The stories, as if pulled from a catalog of lives gone amiss, are always distressing:
The veteran of a recent war whose legs were blown off and whose prosthetics were stolen. He needed housing, and so much more.
Vets with records bungled by a mishap; vets with addiction problems who want to get sober and work.
Elderly women whose homes are in disheartening disrepair but don’t have money to call anyone for help. People who need to work, and want to work, but have no transportation and have given up. People who don’t know how to qualify for food stamps. People who don’t speak English and don’t know how to get a picture ID or look for work. People with literacy problems that cut them off from the world. People who get evicted and don’t know where to go or how to sort through the fallout.
People with violent, abusive lives, and people filled with despair.
People whose lives, through a crunching domino effect, have plummeted so far from normalcy that they have stopped imagining a way back. People whose existence feels so isolated that they cannot envision there might be help for them.
Yet, often help is available — if only they know where to look or how to start.
A federal judge has blocked the DOL final rule that was set to increase the salary threshold for the "white collar overtime exemptions" to $47,476 per year. This Compliance Bulletin summarizes the judge’s ruling and provides information on the future of the DOL’s overtime rule. If you have questions about how this applies to employees in your church contact me, Nancy Armstrong, at (843)-722-4075.
Each year at this time, the Clergy and other leaders of the Diocese are invited to provide suggestions to the Nominating Committee for those positions to be filled at the upcoming Diocesan Convention, which, this year, will be held March 11-12, 2016 in Bluffton, SC. We have again expanded the invitation to participate in the process this year to include a larger representation of diocesan leaders and hope you will give prayerful consideration to those God may be calling to serve the Diocese.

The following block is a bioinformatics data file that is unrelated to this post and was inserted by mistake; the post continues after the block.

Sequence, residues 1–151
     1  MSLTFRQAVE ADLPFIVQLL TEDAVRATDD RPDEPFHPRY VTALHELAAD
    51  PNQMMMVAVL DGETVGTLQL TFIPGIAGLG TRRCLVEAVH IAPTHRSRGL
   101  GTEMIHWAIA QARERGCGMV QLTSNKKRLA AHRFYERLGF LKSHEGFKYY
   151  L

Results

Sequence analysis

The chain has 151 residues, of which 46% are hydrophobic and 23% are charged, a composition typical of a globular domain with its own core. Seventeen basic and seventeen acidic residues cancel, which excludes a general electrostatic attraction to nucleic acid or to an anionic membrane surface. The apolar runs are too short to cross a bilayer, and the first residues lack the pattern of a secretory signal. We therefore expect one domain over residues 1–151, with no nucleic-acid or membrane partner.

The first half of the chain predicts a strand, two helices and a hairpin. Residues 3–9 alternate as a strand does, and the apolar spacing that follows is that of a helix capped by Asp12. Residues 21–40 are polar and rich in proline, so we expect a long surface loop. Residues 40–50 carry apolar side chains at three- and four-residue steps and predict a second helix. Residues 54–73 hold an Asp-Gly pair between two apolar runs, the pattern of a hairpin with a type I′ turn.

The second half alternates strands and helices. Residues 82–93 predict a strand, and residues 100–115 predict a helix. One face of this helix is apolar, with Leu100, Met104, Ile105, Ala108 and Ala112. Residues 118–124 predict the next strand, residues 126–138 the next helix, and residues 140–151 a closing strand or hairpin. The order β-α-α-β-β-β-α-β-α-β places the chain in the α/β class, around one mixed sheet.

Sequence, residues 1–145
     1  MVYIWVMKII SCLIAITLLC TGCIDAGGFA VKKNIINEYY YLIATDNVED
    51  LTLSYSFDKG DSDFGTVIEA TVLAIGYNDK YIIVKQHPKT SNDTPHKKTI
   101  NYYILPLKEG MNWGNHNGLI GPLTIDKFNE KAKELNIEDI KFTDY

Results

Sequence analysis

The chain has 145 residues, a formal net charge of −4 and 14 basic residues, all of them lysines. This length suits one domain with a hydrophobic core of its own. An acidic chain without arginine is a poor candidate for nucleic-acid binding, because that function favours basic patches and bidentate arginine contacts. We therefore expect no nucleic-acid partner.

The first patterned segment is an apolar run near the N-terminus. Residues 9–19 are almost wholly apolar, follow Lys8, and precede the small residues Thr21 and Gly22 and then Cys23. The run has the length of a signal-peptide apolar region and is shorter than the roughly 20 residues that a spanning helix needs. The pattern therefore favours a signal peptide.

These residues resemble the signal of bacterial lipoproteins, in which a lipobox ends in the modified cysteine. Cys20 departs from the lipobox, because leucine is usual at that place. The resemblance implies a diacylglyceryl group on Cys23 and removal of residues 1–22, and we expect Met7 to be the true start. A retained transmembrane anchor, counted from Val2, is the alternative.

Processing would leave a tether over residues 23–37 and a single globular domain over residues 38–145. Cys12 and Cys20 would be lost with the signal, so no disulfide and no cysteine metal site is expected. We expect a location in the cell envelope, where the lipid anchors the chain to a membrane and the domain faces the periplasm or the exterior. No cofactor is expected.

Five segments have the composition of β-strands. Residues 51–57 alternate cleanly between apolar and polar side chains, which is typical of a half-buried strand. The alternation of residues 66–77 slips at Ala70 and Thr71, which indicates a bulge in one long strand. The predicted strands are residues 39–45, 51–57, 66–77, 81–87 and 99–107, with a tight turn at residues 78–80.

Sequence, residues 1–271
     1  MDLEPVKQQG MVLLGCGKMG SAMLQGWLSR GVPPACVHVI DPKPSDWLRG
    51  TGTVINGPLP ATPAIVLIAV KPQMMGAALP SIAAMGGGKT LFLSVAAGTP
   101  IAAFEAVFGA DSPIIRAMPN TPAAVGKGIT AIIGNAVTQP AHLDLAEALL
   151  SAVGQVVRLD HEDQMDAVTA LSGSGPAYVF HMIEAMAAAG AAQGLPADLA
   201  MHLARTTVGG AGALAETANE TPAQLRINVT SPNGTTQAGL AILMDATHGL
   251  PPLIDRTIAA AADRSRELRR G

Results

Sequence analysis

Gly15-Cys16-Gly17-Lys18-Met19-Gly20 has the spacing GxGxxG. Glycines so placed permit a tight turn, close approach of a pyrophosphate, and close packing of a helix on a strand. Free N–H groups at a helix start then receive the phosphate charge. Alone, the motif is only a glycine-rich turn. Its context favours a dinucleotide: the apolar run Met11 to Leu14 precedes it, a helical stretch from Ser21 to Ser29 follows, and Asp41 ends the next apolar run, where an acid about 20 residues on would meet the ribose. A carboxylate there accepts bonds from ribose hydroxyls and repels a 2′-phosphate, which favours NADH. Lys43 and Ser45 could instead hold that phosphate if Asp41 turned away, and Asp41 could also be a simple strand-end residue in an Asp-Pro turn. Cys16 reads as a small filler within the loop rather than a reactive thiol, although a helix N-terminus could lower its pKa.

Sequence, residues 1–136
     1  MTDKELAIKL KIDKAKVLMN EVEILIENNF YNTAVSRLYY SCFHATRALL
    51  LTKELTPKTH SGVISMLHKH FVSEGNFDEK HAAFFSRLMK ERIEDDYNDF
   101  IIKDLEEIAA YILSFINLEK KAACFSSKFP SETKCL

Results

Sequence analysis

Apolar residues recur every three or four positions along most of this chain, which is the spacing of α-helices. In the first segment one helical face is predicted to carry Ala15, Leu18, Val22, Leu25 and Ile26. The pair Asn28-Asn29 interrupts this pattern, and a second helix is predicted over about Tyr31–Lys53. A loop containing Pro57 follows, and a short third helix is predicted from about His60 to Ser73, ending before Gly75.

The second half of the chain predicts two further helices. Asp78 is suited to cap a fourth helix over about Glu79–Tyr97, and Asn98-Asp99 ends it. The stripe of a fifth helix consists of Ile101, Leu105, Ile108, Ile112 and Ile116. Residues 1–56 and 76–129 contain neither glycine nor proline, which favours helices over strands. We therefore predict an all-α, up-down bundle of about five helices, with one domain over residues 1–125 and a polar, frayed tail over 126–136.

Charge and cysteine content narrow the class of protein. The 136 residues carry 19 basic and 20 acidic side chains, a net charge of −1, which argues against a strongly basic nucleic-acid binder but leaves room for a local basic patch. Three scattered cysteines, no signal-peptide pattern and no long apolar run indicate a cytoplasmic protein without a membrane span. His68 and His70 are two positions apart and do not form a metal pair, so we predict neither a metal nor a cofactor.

Flooding continues; Keep victims and relief workers in prayer
Written by SCDiosAdministrator
As the flooding progresses through our state we ask you to continue to keep those affected in your prayers. Two of our clergy are serving as chaplains on the front lines. The Rev. Donald Hayes, Vicar of Christ Church, Florence, is Chief Chaplain for the South Carolina Guard. He is overseeing 50 Chaplains deployed throughout our state. The Rev. Nathan Bistis, Associate Rector at St. Luke’s, Hilton Head, is serving as a Chaplain with the National Guard. Both are ministering to flood victims as well as to those involved in search and rescue efforts. While reports are still coming in about churches and individual parish families, we do know that Holy Cross, Stateburg and Holy Comforter, Sumter and St. Paul's, Conway appear to be among the most significantly impacted so far.
We ask that you keep the families of those who have lost loved ones, those who have suffered loss of property and all those harmed or who are assisting in the rescue and relief efforts following this historic flood in your prayers.
While we are grateful to God that the majority of our Diocese has come through the recent catastrophic storm unscathed, a few of our parishes and people suffered significant damage that will not be adequately covered by insurance. It is also a reality that additional flooding is expected and the recovery process will continue for some time. That there will be unmet needs is certain.
For those reasons, the Diocesan office is recommending the following possible responses to this disaster: